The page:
"It is not good for the man to be
alone.
I will make an ezer
(helper) suitable for him."
—Genesis 2:18


Three A.M., and my life was about to change forever. I was wide-awake. No, I wasn’t tossing and turning in my bed. Bed was the furthest thing from my mind. Oddly enough, I was pouring over books, smuggling volumes out of my husband’s study, searching for answers. I felt like a detective and I knew I was onto something.

For years I’d been troubled by interpretations of Eve that left me (and a lot of other women) out in the cold. I could relate to what one single woman confided, as she tried to fit in, “I don’t mind being called a helpmeet. I like helping people. But helpmeet doesn’t encompass everything about me.” Little did I realize that the “helpmeet” version of Eve was about to topple and something better—for all of us—would take her place.

Is God's Blueprint Too Small?

My attention zeroed in on the word God used to describe the woman when he created her. “Ezer” (usually translated “helper”) has historically been defined in terms of marriage, motherhood and domesticity. According to this line of thinking, a woman fulfills her highest calling when she marries, bears children and manages the home.

Wonderful and significant as marriage and motherhood can be, this definition creates serious problems for all women.

When we are little girls, God’s purposes for us are pushed out into the distant future, to the day we don a wedding veil and head for the marriage altar. It intensifies the difficulties of singleness and the heartache of childlessness. Elderly women are troubled by the thought that God’s purpose for them has expired. Like Cinderella’s stepsisters, we end up trying to squeeze ourselves into a creation blueprint that simply doesn’t fit us all.

As I studied through the night, my curiosity was fueled by a deep longing to know if God’s blueprint included me. Is God’s blueprint for us really too small?

A Warrior For God’s Purposes

The word ezer appears in the Old Testament twenty-one times—twice for the woman in Genesis 2:18 and 20, three times for nations Israel turned to for military assistance when they were under attack, and sixteen times for God. This information resulted in upgrading the ezer from “helper” to “strong helper” and led to a divided (and at times heated) discussion over the word strong. How strong is strong, after all?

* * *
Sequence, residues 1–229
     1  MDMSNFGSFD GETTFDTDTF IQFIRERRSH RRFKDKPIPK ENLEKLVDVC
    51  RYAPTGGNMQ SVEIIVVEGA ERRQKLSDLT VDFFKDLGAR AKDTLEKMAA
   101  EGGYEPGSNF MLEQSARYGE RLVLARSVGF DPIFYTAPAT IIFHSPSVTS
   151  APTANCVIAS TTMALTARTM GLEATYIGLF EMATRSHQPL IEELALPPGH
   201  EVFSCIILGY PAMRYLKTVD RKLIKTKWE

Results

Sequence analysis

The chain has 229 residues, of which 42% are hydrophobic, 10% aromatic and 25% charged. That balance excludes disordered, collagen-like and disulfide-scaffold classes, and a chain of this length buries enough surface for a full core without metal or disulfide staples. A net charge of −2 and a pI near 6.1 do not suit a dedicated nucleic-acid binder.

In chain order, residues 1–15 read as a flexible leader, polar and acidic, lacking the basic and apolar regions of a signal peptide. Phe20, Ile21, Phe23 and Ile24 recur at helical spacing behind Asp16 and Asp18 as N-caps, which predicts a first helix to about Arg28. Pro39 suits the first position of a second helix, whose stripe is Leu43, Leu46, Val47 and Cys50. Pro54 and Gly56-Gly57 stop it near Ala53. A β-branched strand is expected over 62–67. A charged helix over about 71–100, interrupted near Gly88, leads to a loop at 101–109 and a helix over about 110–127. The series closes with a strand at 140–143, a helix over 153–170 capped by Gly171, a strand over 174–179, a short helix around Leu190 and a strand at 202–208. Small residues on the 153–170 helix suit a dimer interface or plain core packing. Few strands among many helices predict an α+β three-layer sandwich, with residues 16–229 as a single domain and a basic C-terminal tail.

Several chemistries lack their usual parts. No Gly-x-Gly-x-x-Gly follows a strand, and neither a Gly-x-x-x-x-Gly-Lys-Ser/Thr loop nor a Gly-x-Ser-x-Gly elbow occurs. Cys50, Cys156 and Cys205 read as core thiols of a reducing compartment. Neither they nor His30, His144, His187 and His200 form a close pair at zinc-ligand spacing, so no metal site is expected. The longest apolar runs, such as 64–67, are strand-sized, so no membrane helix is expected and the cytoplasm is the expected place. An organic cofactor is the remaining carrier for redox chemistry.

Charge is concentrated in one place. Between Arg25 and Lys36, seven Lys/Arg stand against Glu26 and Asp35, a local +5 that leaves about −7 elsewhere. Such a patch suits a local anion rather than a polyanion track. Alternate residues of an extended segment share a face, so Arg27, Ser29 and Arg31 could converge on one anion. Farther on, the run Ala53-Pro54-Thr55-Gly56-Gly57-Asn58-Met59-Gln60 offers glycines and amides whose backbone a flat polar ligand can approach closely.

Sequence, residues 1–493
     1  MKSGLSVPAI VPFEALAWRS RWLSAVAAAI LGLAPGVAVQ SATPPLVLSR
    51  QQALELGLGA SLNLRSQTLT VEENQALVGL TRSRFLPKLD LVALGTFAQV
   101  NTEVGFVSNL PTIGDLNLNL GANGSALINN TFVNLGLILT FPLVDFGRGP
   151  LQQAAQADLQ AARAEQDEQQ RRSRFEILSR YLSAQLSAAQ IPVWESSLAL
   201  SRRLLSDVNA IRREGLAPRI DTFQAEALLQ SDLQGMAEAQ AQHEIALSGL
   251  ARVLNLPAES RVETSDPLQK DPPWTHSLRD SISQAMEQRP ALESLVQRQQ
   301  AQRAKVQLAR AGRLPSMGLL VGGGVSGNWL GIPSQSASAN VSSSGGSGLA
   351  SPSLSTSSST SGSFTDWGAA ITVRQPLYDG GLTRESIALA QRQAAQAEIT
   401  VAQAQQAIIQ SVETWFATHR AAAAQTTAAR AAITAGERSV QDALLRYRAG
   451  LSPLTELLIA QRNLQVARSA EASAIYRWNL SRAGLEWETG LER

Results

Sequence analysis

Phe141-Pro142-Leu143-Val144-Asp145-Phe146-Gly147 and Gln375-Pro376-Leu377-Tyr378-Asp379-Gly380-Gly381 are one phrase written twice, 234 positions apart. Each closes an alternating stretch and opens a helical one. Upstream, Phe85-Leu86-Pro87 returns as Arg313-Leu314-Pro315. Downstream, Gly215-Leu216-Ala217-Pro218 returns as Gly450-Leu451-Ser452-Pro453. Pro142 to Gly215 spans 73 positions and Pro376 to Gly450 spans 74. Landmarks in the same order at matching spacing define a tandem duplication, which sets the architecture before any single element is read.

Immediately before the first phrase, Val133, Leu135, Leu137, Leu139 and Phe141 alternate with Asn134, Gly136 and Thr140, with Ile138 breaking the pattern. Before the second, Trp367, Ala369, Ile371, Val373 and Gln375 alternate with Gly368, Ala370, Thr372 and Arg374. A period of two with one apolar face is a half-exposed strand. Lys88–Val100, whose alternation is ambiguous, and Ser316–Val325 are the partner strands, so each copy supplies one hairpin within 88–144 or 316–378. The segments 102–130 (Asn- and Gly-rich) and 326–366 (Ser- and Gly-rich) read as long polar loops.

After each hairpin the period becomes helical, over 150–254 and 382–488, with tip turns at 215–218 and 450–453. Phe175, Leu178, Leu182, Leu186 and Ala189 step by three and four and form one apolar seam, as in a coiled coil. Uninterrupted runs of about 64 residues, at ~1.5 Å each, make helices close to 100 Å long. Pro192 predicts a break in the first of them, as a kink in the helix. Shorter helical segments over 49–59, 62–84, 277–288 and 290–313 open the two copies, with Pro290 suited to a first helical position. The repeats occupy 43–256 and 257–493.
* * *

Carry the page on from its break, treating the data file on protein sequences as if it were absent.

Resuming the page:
I decided to look up the references. To my surprise, I discovered powerful military language in every passage. Whenever ezer appeared—for the three nations, obviously, but also for God—it was always within a military context. God is His people’s helper, defender, deliverer, sword and shield. He is better than chariots and horses. He keeps sentry watch over his people and with His strong arm overthrows their foes. Based on the Old Testament’s consistent usage of this term, it only makes sense to conclude that God created the woman to be a warrior.

Further reading uncovered additional evidence of the strength and significance of the ezer. I discovered that the original inventory was off. Ezer shows up more than twenty-one times and in the most unexpected places. You just have to look more closely to find it.

Reading through one of those tedious genealogies (the passages we tend to skim when reading through the Bible) I spotted ezer again—in men’s names. Ezer was one of Judah’s male descendants. Moses named his son Eli-ezer. Abi-ezer belonged to the elite band of David’s mightiest warriors. Samuel raised a monument to God’s glorious deliverance and named it Eben-ezer.

Even today, the name Ezer still carries a lot of weight. Ezer Weizman was an Israeli military hero, a world leader who served as Israel’s seventh president. I doubt if anyone made fun of a man like that because his parents named him Ezer.

Ezer represents the strength and valor of a warrior. God created women to be warriors. “It is not good for the man to be alone.” Our brothers need us, and God calls us to join forces with them in advancing His kingdom wherever we are.

The Perfect Fit

That night, while the rest of the world slept, my identity changed forever. I couldn’t think of a single moment, situation or relationship in my life where my calling as an ezer-warrior for God’s purposes didn’t apply.

My three little nieces are just starting out in life, but they are ezers too. I regularly hear from moms engaged in fierce battles for their kids. A young single is battling for the souls of women in Ghana, as another woman launches a new consulting business on the home front. A friend of mine faces huge challenges in his business and is stronger and wiser in his own battles because of his ezer-warrior wife. A ezer in her nineties ministers actively to lost souls in her extended care facility.

We are all ezers—from our first breath to our last. We follow Jesus, and He calls us to advance His kingdom no matter where He puts us.

I agree with the single woman who didn’t quite fit the “helpmeet” mold, but found the ezer fit her perfectly. “Warrior covers all of who I am.”